How young is too young? Ofsted inspector suggests children should start school at two
Starting children this young could eradicate the effects of poverty on their performance
Richard Garner has been Education Editor of The Independent for 12 years and writing about the subject for 34 years. Before becoming a journalist, he worked as a disc jockey in London pubs and clubs and for a hospital radio station. His main hobbies are cricket (watching these days) and theatre. On his days off, he is most likelt to be found at Lord’s or the King’s Head Theatre Club.
Monday 04 November 2013
Children should be admitted to school from the age of two to eradicate the effects of poverty on their performance, a senior Ofsted officer said yesterday.
Baroness Morgan, who chairs the education standards watchdog, called for a network of academies for two to 18-year-olds to be set up around the country so that children from poorer homes were ready for school at the age of five.
At present, they are already 19 months behind their more affluent peers when they start compulsory schooling at the age of five.
She chose an event staged by the ARK academy chain to mark 10 years of the academies movement, to set out her vision for the future, saying targeting disadvantaged under-fives had to be “the next big, bold, brave move” in the education agenda.
“Poor under-fives are still 19 months behind their affluent peers when they start school at five,” she said. “What a dire start to their educational lives.
“They have low level skills, they’re not ready to learn at school. Weak parenting, low educational attainments of their parents, poor diet and poor housing all affect the gap between the affluent and disadvantaged as groups.”
Baroness Morgan said the education system collectively “haven’t really taken a grip of this problem”. Efforts to conquer disadvantage had been targeted on children from the age of five upwards. “We haven’t got much improvement in provision for the under-fives,” she added.
She said the next “brave” move in education should be to tackle “geographical unfairness” and a “big, bold, brave move on the under-fives agenda to target the funding on those who will benefit most”.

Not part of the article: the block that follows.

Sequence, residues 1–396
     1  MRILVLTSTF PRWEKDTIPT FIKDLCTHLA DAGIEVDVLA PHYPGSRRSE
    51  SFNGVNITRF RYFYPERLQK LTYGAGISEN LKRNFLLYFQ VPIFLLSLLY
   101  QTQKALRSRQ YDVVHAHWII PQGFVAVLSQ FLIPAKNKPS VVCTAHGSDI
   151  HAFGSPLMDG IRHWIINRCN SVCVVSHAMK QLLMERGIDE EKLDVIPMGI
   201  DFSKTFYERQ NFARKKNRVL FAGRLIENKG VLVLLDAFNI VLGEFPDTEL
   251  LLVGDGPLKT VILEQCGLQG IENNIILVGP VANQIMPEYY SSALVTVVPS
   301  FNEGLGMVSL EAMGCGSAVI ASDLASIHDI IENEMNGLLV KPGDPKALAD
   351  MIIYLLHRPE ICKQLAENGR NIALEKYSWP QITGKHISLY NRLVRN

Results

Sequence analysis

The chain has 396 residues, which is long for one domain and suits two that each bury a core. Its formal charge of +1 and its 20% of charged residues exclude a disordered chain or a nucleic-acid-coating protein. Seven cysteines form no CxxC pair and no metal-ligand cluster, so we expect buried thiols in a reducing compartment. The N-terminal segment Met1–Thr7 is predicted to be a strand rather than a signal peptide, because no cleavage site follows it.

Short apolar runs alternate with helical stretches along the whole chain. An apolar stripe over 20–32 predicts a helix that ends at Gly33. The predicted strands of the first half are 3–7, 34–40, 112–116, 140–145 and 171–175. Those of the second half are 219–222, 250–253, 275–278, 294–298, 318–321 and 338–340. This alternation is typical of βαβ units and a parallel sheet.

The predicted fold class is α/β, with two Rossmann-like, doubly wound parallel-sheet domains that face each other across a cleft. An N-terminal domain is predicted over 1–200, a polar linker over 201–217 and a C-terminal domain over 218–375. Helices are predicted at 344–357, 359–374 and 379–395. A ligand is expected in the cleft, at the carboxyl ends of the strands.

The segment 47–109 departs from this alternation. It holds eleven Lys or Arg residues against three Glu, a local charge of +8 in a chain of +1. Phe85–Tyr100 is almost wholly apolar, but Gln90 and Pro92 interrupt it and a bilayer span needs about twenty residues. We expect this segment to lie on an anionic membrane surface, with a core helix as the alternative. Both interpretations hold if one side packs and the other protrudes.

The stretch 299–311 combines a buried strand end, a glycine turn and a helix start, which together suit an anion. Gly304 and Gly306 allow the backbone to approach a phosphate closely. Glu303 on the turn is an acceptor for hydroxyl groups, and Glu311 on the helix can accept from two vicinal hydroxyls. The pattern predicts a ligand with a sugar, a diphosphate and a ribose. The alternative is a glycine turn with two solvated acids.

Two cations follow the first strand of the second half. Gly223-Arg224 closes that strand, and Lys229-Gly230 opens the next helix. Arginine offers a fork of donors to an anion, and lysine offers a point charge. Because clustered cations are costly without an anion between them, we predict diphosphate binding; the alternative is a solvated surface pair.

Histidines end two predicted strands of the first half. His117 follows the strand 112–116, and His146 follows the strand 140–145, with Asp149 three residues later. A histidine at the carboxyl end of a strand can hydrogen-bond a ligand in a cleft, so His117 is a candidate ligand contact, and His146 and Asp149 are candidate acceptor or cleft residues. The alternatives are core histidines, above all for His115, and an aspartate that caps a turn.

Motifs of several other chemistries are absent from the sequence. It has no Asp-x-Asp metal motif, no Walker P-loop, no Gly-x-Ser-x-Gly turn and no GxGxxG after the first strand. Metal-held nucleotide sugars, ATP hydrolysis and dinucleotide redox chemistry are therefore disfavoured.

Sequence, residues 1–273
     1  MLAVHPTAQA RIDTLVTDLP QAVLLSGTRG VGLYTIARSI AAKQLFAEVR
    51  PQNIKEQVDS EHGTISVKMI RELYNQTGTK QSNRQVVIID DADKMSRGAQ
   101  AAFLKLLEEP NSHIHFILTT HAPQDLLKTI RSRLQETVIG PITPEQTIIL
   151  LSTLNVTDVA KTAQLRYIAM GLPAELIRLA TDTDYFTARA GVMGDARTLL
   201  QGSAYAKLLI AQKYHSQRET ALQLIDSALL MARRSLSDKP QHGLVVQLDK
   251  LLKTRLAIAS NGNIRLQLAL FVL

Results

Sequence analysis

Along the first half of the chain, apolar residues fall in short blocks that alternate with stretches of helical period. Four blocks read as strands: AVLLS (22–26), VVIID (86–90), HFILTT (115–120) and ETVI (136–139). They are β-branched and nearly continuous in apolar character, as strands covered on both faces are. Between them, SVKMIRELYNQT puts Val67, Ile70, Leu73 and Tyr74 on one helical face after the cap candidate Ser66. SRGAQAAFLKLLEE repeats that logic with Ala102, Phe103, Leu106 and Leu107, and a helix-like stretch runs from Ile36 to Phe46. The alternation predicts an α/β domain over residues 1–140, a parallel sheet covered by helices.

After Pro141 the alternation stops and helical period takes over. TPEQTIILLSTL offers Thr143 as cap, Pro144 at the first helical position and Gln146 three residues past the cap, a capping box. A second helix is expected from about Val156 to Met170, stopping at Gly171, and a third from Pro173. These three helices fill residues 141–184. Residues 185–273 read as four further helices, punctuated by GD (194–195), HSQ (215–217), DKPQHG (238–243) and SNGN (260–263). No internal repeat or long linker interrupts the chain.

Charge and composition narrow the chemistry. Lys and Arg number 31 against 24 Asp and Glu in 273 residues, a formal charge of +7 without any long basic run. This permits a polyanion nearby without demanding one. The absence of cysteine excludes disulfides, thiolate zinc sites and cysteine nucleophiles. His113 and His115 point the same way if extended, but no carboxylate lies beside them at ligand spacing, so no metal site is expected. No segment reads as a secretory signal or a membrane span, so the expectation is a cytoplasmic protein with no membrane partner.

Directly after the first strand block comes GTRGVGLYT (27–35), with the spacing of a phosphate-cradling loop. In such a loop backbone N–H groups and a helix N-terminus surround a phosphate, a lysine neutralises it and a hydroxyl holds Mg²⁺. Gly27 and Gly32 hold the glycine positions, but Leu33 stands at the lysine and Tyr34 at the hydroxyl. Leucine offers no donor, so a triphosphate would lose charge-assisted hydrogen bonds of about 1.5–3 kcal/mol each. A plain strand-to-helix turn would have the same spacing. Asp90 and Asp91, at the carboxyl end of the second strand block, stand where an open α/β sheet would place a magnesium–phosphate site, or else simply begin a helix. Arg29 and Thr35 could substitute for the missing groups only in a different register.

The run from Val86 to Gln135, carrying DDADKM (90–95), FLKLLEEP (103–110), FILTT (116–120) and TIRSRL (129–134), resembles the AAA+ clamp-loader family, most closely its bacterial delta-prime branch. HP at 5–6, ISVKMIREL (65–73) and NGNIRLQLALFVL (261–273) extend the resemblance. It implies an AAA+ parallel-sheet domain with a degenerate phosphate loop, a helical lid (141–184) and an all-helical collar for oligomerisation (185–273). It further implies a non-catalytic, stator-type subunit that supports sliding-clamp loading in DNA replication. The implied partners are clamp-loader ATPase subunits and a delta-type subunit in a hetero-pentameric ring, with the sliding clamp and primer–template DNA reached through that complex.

“We have got to learn from the lessons we now have in London,” she added. Performance had increased dramatically as a result of initiatives like the Teach First scheme - recruiting the brightest graduates to inner city schools. As a result, while 59 per cent of pupils on free school meals obtained five A* to C grade passes at GCSE including maths and English.
Baroness Morgan also argued that the “pupil premium” - which gives schools extra funding for every pupil they admit on free school meals - should be extended to cover under-fives provision.
Her comments come as Ofsted launched a shake-up of nursery and preschool inspections in the wake of evidence that 157,000 under-fives are placed in setting which do not deliver a good standard. Ofsted is warning settings could lose their registration - and effectively close - if they fail to improve.
ARK said four of its 27 academies were already offering places to three to 18-year-olds as part of an attempt to eradicate disadvantage in education. The majority of its primary academies have nurseries attached.
A spokeswoman for the Department for Education said: "We know that teacher-led early-years education has a positive impact on children - especially on those from low income families.
"That was why ministers were making it easier for schools take children at that age by removing the need for them to be registered by Ofsted and providing 15 hours of free education for 240,000 of the poorest two-year-olds."
At the seminar, John Coles, director of United Learning - another major academy chain, said that - while academies had improved at a faster rate than other schools - there was still some unevenness in performance.
What evidence there was of improvement was not down to new buildings or innovative use of their freedoms (from local authority control). Every successful education system in the world was indebted to the quality of its teachers and leaders.
Lucy Heller, from ARK, added that the structure by itself would not transform anything. It was up to individuals to make the best use of the structure.
She called for an end to the “phoney war” between teachers and the Government.
She said: “The current Government has a huge base of natural supporters but they’re sometimes alienating them by the language they use - particularly in relation to teachers.
“It is time for a period of calm and consolidation.”
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